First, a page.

So I think it’s so important to focus on things that we can control. And for me, SEO is that one thing that I really can control as opposed to other aspects of my business. So I made it a goal way back in 2020, to learn as much as I could about SEO.

Pav
And then I committed to SEO, right. So I worked on my blog posts, I continued to work on them. I worked on the SEO of my TPT products. So I committed to it in 2020. And I continue to spend time every week making little changes within my store and I see huge impacts.

Kristen
I love that. I think one of the things that a lot of times I struggle with as an entrepreneur, is that focus and committing to something, and continuing to do it over and over.

Kristen
And you’re so right that once you find that thing, something small that you really do have control over, then committing to continue that work on the rest of your products or blog posts, whatever it might be, committing to continuing that work can make such a big difference, as opposed to doing little spurts of work here and there on whatever that particular thing is, and then kind of ignoring it.

Kristen
And like a lot of us tend to Yeah, yeah, moving on to the next shiny object.

Pav
I think we’re all guilty of that sometimes in our business.

Kristen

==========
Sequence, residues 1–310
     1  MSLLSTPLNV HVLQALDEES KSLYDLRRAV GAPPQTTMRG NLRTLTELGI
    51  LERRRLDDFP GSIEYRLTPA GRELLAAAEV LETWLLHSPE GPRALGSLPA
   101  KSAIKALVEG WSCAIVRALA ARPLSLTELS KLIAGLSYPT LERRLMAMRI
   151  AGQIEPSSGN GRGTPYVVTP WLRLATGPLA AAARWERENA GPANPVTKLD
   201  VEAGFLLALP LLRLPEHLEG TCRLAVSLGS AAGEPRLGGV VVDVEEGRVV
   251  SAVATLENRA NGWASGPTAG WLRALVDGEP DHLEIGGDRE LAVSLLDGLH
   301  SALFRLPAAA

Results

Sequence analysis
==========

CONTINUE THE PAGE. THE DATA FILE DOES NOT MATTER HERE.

Oh, yeah. 100% I moved on to a shiny object I wasn’t supposed to this morning. In fact, I’m feeling a little seen right now.

Pav
No, I understand. Whenever I dive into like the teacher world on tick tock, I’m like, oh, no, it’s been 20 minutes. Yeah.

Kristen
Oh, well, thank you so much for being here today. And having this conversation with me. I have really enjoyed hearing about your store growth and your story about that product, especially.

Kristen
Tell everyone where they can find you.

Pav
You can find me on Instagram. Now my Instagram is in French. It’s @fleavecmmed. I’m sure that’s a little challenging for you.

Kristen
Yeah, we will make sure that that link is in the shownotes for everybody so that they can get connected with you.

Pav
Sounds great. Thank you so much for having me, Kristen. And I enjoyed our chat today.

Kristen
Thank you for being here. Thank you so much for listening today. You can find all the info in the show notes on how to connect with Pav, as well as links for Profit Booster Bootcamp and SEO for Teacher Authors, where she learned how to update those resources and make the most of her search engine optimization.

Kristen
If you enjoyed this episode, grab a screenshot and share it with your TPT seller friends. Be sure to tag me at Kristen doyle.co when you do. Talk to you soon.

Transcribed by https://otter.ai

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Your host, Kristen Doyle, has a decade of experience selling on TpT and has made all the mistakes so that you don’t have to! As a web designer and the go-to SEO expert in the TpT world, she loves helping TpT sellers stand out in the crowd & grow their businesses with passive income strategies.